So, what is the cheapest way to end this unbearable situation of being bookless?
liv: A woman with a long plait drinks a cup of tea (teapot)
Let's see. I've basically not been online at all since Monday. I've missed you guys!

if you care what I've been up to )

Between 5 o'clock Friday evening, when I saw the parents off, and 9 o'clock, a whole series of stupid little things went wrong. With the cumulative stress of starting out in a new country and not getting enough sleep or enough to eat for a couple of weeks, I got everything out of proportion. I couldn't think of ways to deal with these minor problems and I was frustrated by all the little things here I don't know how to do here. Happily, I got a nice email from [livejournal.com profile] rysmiel, which was very cheering, and then I phoned [livejournal.com profile] pseudomonas who was wonderful and came up with lots of practical suggestions and distracted me with interesting conversation. I love my friends; thank you for being there.

The only one of the problems that is at all serious is that, having told me it was very important to buy a computer through the university purchasing scheme, the financial department have now turned round and said I can't do that after all. I don't at all mind buying my own computer; that's what I was intending to do anyway. But I would greatly have preferred to do it when I was back in England, where I know the system (and have the ability to buy things by mail order, which I don't here, either online or by phone). Now that I'm in a sensible mood I can see that the only consequence is minor hassle; it will be harder to find what I want, and I may end up paying slightly over the odds, but it's not at all impossible. Of course, it does mean that it will take me longer to get online than I was hoping, which is a pain. I'm annoyed with the department for messing me around, but on the plus side at least I can buy something which isn't Dell. Meh.

Oh, and I'm starting Swedish lessons on Tuesday. It's an intensive, Ulpan type course taught entirely in Swedish and with emphasis on getting speaking confidence. I think that will stand me in good stead to learn the language, and also make me feel less of an idiot because I'll be able to deal with simple small talk in shops and the like. Also, learning is good.

Now to catch up on at least some of the friends page for the week.
liv: cartoon of me with long plait, teapot and purple outfit (Default)
There are few things more annoying than having a social event I really, really wanted to go to, and failing to make it, not because of any external circumstances, but because of my own sheer ineptitude. Basically, I spent a large part of yesterday afternoon getting lost, and therefore failed to attend a BBQ with a bunch of "the international community" from work, people I really need to get to get know socially. Besides the fact that I'd promised I would attend; I hope people won't hold my non-appearance against me.

Getting lost was not bad luck, it was my fault for being stupid in several ways: firstly having no sense of direction in the first place, secondly for just writing down directions and not bothering to take my map with me, thirdly for being too bloody stubborn to admit I was lost until I'd already been wandering in the wrong direction for several hours, fourthly for being embarrassed about my inability to speak Swedish and therefore not asking for directions. So generally, I sucked quite a lot yesterday.

The other thing that happened was that I moved out of the basement and into the flat. So the morning was spent shlepping and assembling furniture, with a lot of very kind help from my landlord (who also fed me lunch). And today was spent first acquiring cleaning things and then using them.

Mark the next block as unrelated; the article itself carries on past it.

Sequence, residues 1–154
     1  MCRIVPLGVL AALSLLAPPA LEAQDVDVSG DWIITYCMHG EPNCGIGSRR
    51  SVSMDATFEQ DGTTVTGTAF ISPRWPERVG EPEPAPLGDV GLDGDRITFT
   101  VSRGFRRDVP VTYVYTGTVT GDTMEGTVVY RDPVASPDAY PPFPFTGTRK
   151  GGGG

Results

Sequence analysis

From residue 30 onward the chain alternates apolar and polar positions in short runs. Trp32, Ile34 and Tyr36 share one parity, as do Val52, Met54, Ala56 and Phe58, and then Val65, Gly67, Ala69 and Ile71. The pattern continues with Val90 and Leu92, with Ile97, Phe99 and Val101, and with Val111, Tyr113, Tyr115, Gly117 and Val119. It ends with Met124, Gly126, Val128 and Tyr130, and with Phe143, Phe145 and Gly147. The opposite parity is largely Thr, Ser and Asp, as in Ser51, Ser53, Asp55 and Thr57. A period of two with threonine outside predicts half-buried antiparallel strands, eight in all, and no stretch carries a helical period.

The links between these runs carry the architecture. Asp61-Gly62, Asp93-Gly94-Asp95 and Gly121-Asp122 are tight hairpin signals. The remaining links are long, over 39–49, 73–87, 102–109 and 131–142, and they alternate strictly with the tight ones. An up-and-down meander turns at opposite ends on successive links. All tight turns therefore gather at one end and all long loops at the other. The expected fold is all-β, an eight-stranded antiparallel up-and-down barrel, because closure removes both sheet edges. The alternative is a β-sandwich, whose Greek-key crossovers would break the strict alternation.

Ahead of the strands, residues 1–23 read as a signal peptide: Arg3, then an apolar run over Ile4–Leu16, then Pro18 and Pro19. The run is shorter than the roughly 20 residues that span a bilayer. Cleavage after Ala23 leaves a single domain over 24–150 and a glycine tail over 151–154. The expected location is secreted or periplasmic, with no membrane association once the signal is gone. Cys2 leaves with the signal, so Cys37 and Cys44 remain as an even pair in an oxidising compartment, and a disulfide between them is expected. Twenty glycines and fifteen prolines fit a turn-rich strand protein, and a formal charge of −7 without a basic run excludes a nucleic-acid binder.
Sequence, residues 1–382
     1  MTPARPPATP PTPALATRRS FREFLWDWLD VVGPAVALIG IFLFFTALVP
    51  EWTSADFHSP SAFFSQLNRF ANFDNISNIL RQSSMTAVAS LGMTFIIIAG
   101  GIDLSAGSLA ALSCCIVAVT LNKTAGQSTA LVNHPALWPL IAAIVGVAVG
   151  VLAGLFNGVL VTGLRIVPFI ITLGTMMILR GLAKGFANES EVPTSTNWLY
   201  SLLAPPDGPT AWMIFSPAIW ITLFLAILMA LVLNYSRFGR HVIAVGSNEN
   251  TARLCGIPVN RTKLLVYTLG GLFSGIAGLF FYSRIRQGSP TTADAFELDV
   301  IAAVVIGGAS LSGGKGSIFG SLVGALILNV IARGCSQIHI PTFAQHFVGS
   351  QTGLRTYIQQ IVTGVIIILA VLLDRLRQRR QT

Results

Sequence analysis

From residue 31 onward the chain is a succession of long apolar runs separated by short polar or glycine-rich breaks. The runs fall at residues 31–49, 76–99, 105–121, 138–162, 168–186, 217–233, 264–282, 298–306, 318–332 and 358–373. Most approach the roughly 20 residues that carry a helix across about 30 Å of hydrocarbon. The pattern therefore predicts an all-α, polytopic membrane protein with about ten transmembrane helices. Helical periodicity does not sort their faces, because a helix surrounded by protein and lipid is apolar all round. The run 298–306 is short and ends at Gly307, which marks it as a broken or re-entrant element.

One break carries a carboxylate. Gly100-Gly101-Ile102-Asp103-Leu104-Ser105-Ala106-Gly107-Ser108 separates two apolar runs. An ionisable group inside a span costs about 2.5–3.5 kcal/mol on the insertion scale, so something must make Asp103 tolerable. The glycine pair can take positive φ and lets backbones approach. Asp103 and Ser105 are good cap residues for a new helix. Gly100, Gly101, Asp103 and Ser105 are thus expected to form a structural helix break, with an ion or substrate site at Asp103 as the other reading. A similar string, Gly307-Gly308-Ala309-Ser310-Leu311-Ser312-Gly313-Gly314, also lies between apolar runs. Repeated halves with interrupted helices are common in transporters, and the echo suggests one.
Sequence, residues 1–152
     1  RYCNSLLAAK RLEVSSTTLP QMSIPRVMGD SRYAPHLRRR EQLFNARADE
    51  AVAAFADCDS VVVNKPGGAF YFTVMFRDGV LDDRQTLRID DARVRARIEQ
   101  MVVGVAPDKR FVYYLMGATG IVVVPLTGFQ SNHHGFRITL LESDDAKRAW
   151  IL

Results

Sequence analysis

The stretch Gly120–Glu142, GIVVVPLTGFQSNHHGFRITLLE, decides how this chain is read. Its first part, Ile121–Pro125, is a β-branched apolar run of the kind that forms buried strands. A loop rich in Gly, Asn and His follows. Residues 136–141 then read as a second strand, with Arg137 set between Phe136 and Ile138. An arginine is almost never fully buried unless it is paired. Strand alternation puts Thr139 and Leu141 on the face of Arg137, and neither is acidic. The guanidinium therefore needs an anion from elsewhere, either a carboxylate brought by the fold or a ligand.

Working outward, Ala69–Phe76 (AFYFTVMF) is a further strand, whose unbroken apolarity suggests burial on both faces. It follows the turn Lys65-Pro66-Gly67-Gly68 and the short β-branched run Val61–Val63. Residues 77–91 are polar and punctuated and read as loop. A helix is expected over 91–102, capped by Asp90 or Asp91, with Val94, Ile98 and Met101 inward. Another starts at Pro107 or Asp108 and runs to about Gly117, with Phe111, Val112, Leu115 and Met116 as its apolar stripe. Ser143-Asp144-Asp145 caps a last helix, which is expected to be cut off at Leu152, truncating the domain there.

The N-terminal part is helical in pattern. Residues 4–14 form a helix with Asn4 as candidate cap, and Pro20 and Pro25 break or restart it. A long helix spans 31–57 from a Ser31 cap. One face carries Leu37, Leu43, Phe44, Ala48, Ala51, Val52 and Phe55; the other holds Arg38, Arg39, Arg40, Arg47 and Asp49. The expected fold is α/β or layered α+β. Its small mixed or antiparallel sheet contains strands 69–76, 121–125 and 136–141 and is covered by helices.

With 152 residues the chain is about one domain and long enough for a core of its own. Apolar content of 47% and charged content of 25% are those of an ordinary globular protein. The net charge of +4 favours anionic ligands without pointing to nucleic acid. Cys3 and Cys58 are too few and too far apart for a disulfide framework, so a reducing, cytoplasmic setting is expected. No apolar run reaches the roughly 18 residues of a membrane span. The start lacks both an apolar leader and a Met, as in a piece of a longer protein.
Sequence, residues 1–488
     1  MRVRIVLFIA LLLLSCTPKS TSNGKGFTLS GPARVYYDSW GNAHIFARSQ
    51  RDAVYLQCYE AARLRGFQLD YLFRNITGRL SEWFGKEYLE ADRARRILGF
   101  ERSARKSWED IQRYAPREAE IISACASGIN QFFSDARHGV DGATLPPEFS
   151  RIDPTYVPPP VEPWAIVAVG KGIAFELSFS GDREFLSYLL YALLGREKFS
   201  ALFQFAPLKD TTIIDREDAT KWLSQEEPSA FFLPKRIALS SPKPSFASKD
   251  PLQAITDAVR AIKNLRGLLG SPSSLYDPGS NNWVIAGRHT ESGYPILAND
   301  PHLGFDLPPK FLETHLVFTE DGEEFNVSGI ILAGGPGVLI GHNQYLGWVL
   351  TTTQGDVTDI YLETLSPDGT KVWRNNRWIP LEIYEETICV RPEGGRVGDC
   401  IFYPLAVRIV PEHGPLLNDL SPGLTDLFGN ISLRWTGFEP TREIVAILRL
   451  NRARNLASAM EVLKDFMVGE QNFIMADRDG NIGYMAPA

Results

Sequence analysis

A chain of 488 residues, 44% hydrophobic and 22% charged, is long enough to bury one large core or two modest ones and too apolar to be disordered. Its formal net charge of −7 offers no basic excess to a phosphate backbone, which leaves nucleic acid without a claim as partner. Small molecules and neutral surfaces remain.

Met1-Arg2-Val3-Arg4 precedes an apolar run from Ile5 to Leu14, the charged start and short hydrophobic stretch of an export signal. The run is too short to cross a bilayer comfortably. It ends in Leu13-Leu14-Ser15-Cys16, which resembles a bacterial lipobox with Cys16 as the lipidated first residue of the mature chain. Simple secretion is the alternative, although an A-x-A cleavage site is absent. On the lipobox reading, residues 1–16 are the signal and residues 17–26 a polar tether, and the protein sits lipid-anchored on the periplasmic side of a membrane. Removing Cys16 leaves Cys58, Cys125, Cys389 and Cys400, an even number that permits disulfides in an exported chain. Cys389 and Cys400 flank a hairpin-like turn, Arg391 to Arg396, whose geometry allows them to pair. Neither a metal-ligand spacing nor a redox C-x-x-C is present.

It occurs to me that this is a lot like starting college, in several ways. Why? )

It will take some time and some effort and some money (the latter I don't really have just now) before the place is as I like it. But on the whole, it's good to have my own place. Yes.
liv: cartoon of me with long plait, teapot and purple outfit (Default)
I'm in Sweden. I can't get into the place I'm staying until my kind hosts have finished work, which means I can't get rid of my huge heavy bag. This makes it extremely tempting to spend the waiting time wasting all my money in an internet cafe!

Anyway, I thought I'd have at least a brief internet fix (though I might be sensible and not just hang out here for the next two hours), so I saw all your kind messages when I logged on just now. Thank you all so much, I really appreciate having such lovely friends.

Other than that, nothing to report. I have been awake too many hours already, and I'm tired and bored. But nothing bad has happened.
liv: ribbon diagram of a p53 monomer (p53)
I'm getting up stupid early tomorrow to leave for Sweden. I haven't accomplished half the things I wanted to get done before leaving, but I have more or less packed at least. And you really don't want to know about the self-recrimination loop I'm on the brink of; it's about as interesting as the effects abject terror is having on my guts. I'll very likely feel a lot better in a few days once I'm there and starting to get settled.

Weight and space restrictions mean I only have room for three small paperbacks. This could easily turn into one of those Desert Island type memes, couldn't it? I've taken The Stone Canal (Ken Macleod), Possession (AS Byatt) and Golden Witchbreed (Mary Gentle), which is partly to do with what I have available in small paperback format rather than being my three absolute favourite books in the world.

I feel bad about complaining, because there are several people on my friends list who have been made homeless at short notice this week. I'm in a state about a move I've known about for weeks, so it's entirely my fault I've failed to get organized. Anyway, from the depths of the self-inflicted stress of being six hours away from emigrating, I send my best supportive thoughts to everyone who has serious housing issues to contend with.

And love to everyone in general. I will try to check in when I can but I'm not expecting to be fully back online for a few weeks. Email is probably the best way to get hold of me but even that will not totally reliable for a while. Don't panic if you don't hear from me; if anything goes wrong (short of being abducted by aliens or total amnesia) I will do my level best to get a message to LJ. I'll also try not to drop off the planet if things are going well, but basically, no news is good news at this point.